Employ­ment law myth No.4: If they’ve got an ABN, they’re an inde­pen­dent contractor”

A fre­quent area of con­fu­sion in employ­ment law is the use of inde­pen­dent con­trac­tors. In par­tic­u­lar, whether some­one engaged as a con­trac­tor would in real­i­ty be found to be an employ­ee at law. The con­fu­sion is under­stand­able – there are dif­fer­ent tests as to when a per­son is an employ­ee” under var­i­ous dif­fer­ent bits of leg­is­la­tion. Giv­en that com­pa­nies can face sig­nif­i­cant finan­cial penal­ties if they wrong­ly clas­si­fy some­one as a con­trac­tor, the ques­tion is of fun­da­men­tal importance.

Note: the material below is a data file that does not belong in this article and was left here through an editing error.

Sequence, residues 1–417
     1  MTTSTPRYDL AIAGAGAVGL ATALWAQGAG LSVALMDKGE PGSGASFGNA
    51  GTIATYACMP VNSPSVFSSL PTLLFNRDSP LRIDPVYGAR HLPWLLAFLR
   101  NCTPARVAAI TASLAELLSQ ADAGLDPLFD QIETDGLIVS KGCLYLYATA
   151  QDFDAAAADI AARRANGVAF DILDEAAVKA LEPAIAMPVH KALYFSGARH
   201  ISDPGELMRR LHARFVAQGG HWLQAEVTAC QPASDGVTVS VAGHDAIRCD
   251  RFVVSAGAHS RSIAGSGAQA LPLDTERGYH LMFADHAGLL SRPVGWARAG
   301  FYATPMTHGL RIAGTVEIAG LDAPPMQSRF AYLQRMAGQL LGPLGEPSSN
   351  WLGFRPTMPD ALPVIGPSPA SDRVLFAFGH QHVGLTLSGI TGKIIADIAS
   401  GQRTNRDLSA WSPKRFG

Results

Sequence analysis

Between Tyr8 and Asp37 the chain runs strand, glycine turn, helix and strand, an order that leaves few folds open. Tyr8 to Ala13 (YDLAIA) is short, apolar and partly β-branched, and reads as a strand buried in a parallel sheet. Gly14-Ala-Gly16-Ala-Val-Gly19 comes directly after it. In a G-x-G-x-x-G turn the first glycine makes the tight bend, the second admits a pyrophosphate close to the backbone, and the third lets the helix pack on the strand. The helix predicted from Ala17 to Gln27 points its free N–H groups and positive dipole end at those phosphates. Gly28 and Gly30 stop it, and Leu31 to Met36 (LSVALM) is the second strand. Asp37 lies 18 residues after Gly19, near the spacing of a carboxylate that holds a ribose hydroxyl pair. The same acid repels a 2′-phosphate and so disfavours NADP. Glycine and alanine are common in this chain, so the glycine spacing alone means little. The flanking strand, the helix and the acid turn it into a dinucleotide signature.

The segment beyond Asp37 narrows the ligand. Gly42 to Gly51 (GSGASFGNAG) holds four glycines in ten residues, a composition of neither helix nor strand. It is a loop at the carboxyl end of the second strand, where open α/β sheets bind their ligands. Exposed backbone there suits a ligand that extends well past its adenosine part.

Many employ­ers are of the view that if an indi­vid­ual pro­vides them with an ABN this means the indi­vid­ual will auto­mat­i­cal­ly be deemed to be a con­trac­tor. This, how­ev­er, is not the case. Courts fre­quent­ly have found an employ­ment rela­tion­ship to exist where indi­vid­u­als have their own ABN. The approach the courts tend to take is to look at the rela­tion­ship as a whole to deter­mine the contractor/​employee conun­drum. Hav­ing an ABN is just one fac­tor that will be tak­en into account, but it will not be the end of the story. 

For any advice on using inde­pen­dent con­trac­tors, please con­tact: sro@​swaab.​com.​au or rbo@​swaab.​com.​au